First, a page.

The Great Debate: Tourist vs. Traveler

Updated: Sep 2, 2018

Most world explorers cringe at the term "tourist," preferring the more romantic label of "traveler." That's a bunch of nonsense. Here's why we all should embrace the tourist label.

The first time I encountered the great debate was on my inaugural solo trip. Over too many monstrously large Munich beers, my new travel friends (all Americans and Canadians) boisterously took sides. I was pro-traveler, running on the high of wandering aimlessly through Europe. The wiser folks said tourist. But as we drunkenly careened down the street from beer hall to bar, I realized we could chase as many authentic local spots as we wanted. We'd never actually belong here.

Travelers are tourists. We may try to mitigate the horror of the fanny pack and double-decker bus crowd, but we're still there for the same reason. Yeah, the basics might stick to restaurants that have a section in English, while the backpacker crowd only wants to go to cafes where there's a language barrier.

And sure, there's a hefty divide between those who take trips to cross of items on a checklist rather than immersing in a new culture. However, bottom line is we're all dropping in. Taking up space. And talking loudly in our American accents in someone else's home.

So we have to own the tourist label. It's like rectangles and squares. Everyone is a tourist, but not everyone is a traveler. Tourists want to see a destination. Travelers want to experience the reality of a place and try to understand it. But we all do fall under that tourist umbrella. You can't pretend like you're not there to see a place before moving on to another place.

And that's where we run into trouble again.

There are a whole lot of squares running around thinking they're not rectangles just because they went to an underground club in Berlin. Y'all are still squares. You're no less of a tourist in small-town Slovenia than you are in Barcelona.

You hear a lot of backlash these days against people searching for the "authentic" thing. The most authentic taco. The most authentic bar. The most authentic city. Because travel is vacation and vacation is escapism.

But I think that's a little jaded. We also travel to learn. Yes, we're taking a break from thinking about cleaning the bathroom or doing our taxes, but we can actually do a lot with that extra space in our brain.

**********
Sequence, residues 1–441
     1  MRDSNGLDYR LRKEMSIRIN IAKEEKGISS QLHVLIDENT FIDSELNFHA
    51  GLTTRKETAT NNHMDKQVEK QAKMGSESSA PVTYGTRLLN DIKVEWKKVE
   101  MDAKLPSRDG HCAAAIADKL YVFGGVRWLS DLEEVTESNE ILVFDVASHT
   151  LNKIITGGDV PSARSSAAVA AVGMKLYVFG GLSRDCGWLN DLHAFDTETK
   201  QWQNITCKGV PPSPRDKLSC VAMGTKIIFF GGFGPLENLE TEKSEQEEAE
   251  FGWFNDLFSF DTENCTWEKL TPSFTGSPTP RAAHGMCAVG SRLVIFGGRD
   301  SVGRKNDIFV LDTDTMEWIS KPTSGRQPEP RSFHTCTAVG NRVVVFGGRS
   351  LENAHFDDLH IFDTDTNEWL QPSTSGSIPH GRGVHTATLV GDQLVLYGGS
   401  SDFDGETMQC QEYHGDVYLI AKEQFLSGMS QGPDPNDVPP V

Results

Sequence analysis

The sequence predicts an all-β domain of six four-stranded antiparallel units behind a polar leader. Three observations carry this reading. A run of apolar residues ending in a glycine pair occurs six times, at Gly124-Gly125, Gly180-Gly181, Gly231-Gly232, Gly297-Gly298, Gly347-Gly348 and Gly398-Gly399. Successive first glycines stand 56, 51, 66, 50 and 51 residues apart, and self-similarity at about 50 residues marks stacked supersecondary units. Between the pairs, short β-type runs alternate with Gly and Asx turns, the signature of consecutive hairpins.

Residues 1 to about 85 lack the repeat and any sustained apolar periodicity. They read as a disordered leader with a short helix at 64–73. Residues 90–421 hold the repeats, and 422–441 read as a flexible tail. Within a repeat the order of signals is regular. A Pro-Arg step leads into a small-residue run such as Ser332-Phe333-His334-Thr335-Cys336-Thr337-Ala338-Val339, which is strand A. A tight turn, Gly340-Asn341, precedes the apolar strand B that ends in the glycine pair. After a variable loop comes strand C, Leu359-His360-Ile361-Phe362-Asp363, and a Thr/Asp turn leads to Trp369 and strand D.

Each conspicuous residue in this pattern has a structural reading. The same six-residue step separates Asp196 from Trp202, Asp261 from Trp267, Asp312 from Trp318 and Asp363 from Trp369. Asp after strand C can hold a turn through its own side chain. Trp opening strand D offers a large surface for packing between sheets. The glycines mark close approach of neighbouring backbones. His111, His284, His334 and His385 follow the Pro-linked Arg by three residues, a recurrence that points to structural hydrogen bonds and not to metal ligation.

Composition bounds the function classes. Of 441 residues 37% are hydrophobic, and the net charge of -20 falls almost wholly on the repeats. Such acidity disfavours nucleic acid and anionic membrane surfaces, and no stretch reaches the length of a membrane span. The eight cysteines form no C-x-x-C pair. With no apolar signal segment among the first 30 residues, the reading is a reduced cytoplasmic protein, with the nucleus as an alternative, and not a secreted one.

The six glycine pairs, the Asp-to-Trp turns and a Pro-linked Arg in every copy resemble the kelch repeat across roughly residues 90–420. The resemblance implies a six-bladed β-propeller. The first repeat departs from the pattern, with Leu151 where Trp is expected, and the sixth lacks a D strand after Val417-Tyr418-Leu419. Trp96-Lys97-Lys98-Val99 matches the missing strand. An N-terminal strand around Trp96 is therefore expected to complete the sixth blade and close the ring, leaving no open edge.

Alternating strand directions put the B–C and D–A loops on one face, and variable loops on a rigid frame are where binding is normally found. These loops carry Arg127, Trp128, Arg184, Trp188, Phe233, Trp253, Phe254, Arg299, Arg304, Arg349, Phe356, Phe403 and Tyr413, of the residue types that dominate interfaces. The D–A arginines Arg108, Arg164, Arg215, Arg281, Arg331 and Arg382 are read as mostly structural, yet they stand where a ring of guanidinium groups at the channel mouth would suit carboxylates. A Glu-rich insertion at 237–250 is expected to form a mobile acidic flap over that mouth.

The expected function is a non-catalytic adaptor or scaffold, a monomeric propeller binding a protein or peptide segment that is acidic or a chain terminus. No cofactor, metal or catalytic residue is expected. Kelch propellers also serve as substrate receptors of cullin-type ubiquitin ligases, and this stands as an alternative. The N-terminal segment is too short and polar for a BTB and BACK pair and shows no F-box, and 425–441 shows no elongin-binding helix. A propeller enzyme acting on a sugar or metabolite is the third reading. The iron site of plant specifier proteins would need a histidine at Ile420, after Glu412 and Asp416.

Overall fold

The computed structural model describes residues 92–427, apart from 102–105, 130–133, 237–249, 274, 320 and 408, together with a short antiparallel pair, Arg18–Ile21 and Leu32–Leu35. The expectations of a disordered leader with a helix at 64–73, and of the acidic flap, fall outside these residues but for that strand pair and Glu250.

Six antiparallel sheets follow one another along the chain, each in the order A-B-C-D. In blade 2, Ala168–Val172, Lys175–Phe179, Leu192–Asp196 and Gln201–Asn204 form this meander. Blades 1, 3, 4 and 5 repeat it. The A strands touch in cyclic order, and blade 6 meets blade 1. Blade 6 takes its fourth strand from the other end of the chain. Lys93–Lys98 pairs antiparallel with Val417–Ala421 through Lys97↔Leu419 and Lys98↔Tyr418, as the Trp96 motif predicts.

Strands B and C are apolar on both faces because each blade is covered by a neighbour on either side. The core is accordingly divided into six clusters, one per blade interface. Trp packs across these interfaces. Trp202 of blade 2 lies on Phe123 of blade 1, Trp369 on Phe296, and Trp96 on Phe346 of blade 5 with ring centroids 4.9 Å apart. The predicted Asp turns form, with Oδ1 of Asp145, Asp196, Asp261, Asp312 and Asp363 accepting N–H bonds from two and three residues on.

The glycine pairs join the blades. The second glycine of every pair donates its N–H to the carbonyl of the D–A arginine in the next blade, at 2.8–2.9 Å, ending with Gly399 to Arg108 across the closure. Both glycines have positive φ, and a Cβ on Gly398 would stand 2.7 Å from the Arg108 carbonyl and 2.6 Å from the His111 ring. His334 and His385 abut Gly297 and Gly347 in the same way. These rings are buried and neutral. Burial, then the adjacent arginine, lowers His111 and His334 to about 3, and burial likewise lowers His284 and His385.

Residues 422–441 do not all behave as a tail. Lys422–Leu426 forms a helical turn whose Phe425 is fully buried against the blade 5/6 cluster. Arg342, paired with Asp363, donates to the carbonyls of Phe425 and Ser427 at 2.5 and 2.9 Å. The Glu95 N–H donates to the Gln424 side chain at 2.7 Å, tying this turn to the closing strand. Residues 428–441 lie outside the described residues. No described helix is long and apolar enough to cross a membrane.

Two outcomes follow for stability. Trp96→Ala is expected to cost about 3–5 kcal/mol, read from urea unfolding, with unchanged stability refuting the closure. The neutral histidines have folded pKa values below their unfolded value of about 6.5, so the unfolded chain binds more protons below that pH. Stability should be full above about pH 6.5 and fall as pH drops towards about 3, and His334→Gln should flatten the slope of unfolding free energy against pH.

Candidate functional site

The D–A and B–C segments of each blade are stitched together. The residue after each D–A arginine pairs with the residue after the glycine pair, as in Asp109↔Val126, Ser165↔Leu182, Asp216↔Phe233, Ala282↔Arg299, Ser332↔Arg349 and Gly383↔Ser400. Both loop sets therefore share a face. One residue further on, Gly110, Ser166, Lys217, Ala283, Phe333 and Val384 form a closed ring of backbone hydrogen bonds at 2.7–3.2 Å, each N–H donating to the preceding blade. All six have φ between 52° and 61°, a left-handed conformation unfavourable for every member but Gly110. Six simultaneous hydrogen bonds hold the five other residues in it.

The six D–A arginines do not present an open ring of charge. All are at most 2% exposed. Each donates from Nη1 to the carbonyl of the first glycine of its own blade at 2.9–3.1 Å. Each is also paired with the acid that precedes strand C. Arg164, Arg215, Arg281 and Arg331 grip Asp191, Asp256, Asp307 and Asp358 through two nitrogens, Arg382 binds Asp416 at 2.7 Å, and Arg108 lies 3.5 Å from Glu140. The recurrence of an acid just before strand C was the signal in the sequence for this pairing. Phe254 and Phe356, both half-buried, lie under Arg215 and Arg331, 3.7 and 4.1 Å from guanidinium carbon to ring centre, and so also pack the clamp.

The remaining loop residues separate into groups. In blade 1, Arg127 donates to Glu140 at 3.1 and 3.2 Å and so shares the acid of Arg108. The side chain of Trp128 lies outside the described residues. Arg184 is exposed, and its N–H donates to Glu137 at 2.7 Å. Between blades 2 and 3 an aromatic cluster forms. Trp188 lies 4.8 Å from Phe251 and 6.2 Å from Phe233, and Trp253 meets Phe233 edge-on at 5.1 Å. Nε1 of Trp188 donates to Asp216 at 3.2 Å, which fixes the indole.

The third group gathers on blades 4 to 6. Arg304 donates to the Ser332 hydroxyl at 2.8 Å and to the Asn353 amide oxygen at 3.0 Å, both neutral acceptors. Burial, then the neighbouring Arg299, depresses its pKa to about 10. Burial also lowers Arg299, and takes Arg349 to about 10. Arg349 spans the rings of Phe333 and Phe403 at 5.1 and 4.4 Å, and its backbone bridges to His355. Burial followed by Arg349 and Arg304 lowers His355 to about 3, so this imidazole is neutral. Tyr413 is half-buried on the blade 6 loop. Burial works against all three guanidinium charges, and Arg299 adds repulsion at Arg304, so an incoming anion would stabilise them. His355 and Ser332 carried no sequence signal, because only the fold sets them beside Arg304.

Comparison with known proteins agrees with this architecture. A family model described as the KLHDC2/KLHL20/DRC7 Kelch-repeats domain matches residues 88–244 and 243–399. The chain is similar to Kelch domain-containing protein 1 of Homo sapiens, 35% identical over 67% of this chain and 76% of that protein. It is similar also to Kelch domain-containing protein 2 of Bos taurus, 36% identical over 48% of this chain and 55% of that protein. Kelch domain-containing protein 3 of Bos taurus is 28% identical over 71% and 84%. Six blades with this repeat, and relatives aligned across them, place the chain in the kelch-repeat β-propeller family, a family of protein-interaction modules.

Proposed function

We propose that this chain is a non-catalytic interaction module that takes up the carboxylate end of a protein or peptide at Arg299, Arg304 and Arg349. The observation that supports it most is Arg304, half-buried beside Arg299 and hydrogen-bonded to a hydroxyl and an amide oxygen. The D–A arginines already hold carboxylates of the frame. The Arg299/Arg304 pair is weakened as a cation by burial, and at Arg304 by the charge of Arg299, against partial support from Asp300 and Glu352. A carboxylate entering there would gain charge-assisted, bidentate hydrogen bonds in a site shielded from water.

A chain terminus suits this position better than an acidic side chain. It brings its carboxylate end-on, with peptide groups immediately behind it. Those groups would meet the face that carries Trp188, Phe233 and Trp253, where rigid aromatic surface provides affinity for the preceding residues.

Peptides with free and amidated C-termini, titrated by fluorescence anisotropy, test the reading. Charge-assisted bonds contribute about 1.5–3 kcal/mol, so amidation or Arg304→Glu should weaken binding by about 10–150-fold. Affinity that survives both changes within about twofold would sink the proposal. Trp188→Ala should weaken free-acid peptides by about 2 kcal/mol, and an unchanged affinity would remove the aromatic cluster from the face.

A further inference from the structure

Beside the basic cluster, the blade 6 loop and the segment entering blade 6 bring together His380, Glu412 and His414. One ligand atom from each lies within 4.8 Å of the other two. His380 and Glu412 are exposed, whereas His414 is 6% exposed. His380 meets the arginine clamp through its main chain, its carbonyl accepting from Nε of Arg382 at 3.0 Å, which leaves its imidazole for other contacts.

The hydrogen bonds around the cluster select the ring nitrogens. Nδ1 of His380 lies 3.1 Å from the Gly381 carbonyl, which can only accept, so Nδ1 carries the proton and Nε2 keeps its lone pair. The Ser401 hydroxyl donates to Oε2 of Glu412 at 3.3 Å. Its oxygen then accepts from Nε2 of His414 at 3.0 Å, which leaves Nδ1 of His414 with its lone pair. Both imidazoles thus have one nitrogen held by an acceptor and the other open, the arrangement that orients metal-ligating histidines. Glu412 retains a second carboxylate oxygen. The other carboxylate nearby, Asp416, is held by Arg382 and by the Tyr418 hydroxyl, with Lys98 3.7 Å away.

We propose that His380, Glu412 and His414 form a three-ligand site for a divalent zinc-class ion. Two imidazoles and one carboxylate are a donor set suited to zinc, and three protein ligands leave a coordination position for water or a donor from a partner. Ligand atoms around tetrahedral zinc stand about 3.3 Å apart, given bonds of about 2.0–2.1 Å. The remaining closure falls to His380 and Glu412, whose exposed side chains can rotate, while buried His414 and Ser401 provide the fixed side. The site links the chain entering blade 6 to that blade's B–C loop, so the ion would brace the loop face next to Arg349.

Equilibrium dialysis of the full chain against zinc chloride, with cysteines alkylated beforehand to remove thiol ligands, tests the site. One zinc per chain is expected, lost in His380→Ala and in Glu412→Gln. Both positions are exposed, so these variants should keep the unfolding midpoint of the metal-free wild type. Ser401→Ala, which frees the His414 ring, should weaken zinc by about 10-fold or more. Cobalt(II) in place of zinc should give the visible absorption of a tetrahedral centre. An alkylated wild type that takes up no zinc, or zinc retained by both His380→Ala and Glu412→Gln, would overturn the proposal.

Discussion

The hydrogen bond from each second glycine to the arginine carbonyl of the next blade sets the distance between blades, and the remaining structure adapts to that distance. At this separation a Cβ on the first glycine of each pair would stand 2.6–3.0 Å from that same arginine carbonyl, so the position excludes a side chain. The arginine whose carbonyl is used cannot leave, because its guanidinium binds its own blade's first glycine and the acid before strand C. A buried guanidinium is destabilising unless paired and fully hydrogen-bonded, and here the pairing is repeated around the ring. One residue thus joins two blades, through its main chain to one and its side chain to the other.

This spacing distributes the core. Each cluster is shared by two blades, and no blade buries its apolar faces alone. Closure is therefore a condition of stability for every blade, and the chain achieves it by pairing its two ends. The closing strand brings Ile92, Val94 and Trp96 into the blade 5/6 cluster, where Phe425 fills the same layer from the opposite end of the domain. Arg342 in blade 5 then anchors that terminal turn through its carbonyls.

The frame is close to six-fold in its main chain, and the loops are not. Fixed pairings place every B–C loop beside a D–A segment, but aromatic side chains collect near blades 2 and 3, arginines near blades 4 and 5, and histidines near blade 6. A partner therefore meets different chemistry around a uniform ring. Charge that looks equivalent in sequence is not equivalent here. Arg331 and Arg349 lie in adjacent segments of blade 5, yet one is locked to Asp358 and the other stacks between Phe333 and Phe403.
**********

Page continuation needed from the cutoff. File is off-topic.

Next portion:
Let’s give everyone the benefit of the doubt, even the hipsters searching for the next off-the-beaten path hotspot who want to be able to say they got there first. (I’ll admit to some of this — I think many of us will.) But the search for the “authentic” reality of a place isn’t always with a voyeuristic bad intent.

Instead of just popping in to take some snapshots of the buildings and munching on some local snacks, you can understand why a siesta happens. If you go to the neighborhood Turkish bath instead of the polished tourist one, you can get a peek into what traditions look like when they're not softened for visitors. You can spend hours dancing to familiar American pop songs on a pub crawl or you can seek out the bar playing only music in a language you don't understand. It's a nice lesson to go have fun in a place where the fun isn't catered to you.

Whether you call yourself a tourist or a traveler, the first thing to do in Kotor, Montenegro is to climb the old fortress overlooking the town. I struggle with converting Celsius to Fahrenheit, but day I climbed the hill it was the kind of sweltering heat that permeates every corner of your body.

Perched in the most perfect rare corner of shade, I found Ben. He was charming and smart and French and a world nomad. We pushed our way to the top of the hill, parting ways only to end up sitting in the same cafe a couple hours later — each of us planning to dine solo with a book in hand. Instead, we split a table and talked travel.

"I like to think of myself more as a traveler," Ben told me and my heart sank slightly. But Ben might be the only traveler I've met who truly earned the romanticized term. He drank with locals in Dubrovnik. He helped construct a stage and run sound equipment for a small village concert. His next trip would bring him to South America where he'd donate physical labor to build a school.

I want my next visit to a far-off place to look more like that. Instead of bursting into a new city ready to take as much as I can out of the experience, I want to try to give something back to the places I go. Maybe then we can shrug off the tourist label for good. You're not a just tourist if you're a welcome guest.